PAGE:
Festival promotes film-music compositions and composers | ParkRecord.com

Festival promotes film-music compositions and composers

Since 2003, the Park City Film Music Festival has promoted the art of film-music compositions.

That’s part of the mission of the Park City Chamber Music Society, which is the parent organization of the Film Music Festival and the Park City Beethoven Festival, which just ended its summer season two weeks ago, said director Leslie Harlow.

The Park City Film Music Festival will be held at The Prospector Inn and Conference Center from Saturday, Aug. 23, through Sunday, Aug. 30.

Harlow said she started the Film Music Festival for several reasons.

"One is that I record for film quite a bit and I enjoy doing that," Harlow told The Park Record. "It really requires you to be strong in classical music."

Harlow performed in many film scores, including playing the viola solos in the film score for Marc Rocco’s 1995 docudrama "Murder in the First," starring Christian Slater and Kevin Bacon.

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"That was an amazingly difficult, but fun, thing to do," Harlow said. "The whole film score is filled with viola and cello solos. And I did all the viola solos."

The recording sessions took two days and the musicians didn’t get the music ahead of time.

"We just read it," Harlow said. "Every cue was performed straight through, without edits. I loved it. The music was very beautiful so it was inspiring to do it."

The other reason why Harlow wanted to establish the Park City Film Music Festival is because she is dedicated to classical music and music education in schools.

"When people tell me they don’t like classical music, I tell them they actually do, without realizing it," Harlow said. "I tell them if they go to the movies and like the film scores, then they like classical music."

The reason is because musicians have to be classically trained to record a John Williams score, or other scores written by Howard Shore, James Newton Howard or Alan Silvestri, to name a few.

"It is classical music, because you have to have the same amount of classical training to play in an symphony as you do to play on one of those scores," Harlow explained. "In Utah, there are maybe 150 players that are selected from a pool to perform on these scores."

Harlow also wanted to introduce the public to the artists who write the music.

"There are also some fantastic composers doing film scores," she said. "We want to promote that level of composition as well."

One of those composers is Hummie Mann.

Mann, who established the Pacific Northwest Film Score Program, is known for his scores for "Sister Act," "Georgia Rule" and "Robin Hood: Men in Tights."

"He will lead three seminars during the festival," Harlow said. "He’s doing one Saturday, geared to musicians and filmmakers. And the next two will be held on Sunday morning and Sunday afternoon. It is a great opportunity for people to learn how to compose for film and it’s also a great way to learn some more skills. I would like people to come, even if they don’t have a strong background in music, but are still musicians."

Of course, a major component of the Park City Film Music Festival is film screenings.

This year, there will be more than 100 films shown throughout the week.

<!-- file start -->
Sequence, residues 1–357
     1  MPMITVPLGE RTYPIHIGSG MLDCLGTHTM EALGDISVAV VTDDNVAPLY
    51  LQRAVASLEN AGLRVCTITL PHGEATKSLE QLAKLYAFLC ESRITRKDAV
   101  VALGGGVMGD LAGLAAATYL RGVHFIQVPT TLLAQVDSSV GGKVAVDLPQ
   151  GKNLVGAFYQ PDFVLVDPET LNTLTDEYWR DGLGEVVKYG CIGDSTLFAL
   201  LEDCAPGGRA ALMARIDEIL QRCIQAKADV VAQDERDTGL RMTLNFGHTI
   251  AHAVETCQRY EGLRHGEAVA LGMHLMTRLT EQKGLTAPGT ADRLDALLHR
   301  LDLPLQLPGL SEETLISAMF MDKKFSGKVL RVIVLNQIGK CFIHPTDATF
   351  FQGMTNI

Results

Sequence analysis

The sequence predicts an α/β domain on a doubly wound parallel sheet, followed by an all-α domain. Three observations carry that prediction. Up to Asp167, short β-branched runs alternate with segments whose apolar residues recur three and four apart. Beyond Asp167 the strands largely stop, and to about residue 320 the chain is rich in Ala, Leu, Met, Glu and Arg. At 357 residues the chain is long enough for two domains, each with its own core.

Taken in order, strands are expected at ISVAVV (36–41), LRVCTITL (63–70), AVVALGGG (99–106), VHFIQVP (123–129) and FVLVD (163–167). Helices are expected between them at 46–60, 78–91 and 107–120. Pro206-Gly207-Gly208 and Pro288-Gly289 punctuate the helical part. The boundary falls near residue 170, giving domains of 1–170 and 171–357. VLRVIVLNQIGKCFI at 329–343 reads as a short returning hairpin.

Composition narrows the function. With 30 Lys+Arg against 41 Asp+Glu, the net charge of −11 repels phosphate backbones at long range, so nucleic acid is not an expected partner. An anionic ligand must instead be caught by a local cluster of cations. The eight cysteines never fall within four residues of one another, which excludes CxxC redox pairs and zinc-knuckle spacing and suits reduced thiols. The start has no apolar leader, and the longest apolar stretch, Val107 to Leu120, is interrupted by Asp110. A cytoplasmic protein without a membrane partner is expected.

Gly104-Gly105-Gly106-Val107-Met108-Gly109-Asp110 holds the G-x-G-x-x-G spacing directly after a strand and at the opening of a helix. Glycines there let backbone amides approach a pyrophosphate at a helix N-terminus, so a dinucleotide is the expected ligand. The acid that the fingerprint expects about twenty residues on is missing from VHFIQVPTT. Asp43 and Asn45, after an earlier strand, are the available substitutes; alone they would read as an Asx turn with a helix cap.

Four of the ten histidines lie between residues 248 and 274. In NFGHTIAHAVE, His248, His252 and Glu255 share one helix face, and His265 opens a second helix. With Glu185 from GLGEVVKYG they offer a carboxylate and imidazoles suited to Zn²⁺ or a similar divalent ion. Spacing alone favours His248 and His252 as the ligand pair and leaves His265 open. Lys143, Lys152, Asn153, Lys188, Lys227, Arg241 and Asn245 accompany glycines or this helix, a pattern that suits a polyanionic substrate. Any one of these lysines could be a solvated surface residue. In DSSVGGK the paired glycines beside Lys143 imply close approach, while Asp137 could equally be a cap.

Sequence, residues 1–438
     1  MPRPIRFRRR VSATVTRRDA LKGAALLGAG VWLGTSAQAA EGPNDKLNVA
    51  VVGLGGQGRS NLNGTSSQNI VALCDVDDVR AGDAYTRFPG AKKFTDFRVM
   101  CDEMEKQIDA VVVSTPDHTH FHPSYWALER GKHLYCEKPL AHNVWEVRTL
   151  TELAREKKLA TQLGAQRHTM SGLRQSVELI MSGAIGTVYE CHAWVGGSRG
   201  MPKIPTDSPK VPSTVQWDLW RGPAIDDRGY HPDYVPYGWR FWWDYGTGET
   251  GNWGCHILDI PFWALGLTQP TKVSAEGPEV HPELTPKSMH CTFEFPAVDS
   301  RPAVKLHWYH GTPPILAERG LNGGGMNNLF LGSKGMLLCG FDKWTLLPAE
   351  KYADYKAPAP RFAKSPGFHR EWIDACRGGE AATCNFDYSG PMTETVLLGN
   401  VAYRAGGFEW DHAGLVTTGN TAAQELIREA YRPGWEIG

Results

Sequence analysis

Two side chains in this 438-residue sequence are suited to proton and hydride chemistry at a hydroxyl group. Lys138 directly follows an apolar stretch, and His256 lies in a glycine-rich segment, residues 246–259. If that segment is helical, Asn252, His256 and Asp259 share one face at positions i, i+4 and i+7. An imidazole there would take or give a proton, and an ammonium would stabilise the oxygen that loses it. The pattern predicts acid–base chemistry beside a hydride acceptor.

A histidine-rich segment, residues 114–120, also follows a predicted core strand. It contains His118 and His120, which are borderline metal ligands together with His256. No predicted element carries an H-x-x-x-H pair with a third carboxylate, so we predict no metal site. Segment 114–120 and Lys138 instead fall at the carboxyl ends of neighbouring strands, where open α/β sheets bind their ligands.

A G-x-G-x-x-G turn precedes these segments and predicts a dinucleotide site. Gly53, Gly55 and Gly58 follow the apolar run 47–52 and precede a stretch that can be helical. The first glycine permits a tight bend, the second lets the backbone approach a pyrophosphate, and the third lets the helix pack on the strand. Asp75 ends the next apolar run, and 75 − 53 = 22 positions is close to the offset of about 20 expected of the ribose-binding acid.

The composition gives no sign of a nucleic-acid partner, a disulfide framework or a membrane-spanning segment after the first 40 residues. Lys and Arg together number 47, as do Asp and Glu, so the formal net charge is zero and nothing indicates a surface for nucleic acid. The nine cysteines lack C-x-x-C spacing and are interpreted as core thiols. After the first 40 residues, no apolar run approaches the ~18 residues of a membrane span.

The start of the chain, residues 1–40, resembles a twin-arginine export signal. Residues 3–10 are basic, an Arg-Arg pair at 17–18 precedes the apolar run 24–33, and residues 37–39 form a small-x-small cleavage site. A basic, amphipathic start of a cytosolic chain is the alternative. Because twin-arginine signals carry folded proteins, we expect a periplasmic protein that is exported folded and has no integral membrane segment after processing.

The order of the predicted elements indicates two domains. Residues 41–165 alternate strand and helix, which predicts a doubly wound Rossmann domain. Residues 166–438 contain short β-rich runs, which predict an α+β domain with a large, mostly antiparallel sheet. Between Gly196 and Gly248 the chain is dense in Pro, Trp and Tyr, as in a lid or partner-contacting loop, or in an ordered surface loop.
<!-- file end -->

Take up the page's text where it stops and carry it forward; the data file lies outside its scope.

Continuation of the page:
"A lot of them will be short films," Harlow explained. "We get quite a bit of shorts, because filmmakers and composers hone their crafts with short films. Many composers pour their best work into short films when they’ve been asked by filmmakers to introduce themselves and have something in their resume."

The film categories this year will be short films, documentary, music documentary, feature films and performance or experimental films.

"We have received many wonderful shorts, that are real treasures," Harlow said. "We have also scheduled a series of documentaries and documentaries about music."

Selecting and scheduling the feature films proved to be challenging, because of time constraints.

"We only have a certain amount of time to screen these longer films," Harlow said. "I am going to screen two feature films a day. We have some really nice ones."

The Park City Film Music Festival has received submissions for the past year from filmmakers and composers from around the world.

"There is a great film from Turkey, called ‘Butterfly’s Dream,’ which is based on a true story about two Turkish poets at the beginning of World War II," Harlow said. "It probably has a more sophisticated title in Turkish, but I can’t even begin to pronounce it, but I’m excited to show it."

One of the festival’s more esoteric categories is the performance or experimental films. "They are kind of art films with mixed media that doesn’t fit in any other criteria," Harlow said. "Even a music video can be considered and experimental film."

In addition to Mann’s workshops and the film screenings, the Park City Film Music Festival will also feature a performance by the Salt Lake Pops Orchestra.

"It’s a smaller group who will perform film-score music," Harlow said. "They will perform the first Saturday of the festival at 8 p.m."

Harlow is happy to hold the festival at The Prospector Inn and Conference Center.

"The trick of the event is to make sure you have the right kind of venue to host the screenings and seminars," she said. "This is a window of opportunity, because the Park City Film Series will be at the Prospector this season starting in September."

The Park City Film Music Festival will be held at The Prospector Inn and Conference Center, 2175 Sidewinder Dr., from Saturday, Aug. 23, through Saturday, Aug. 30. Tickets and more information are available by visiting http://www.pcfmf.org.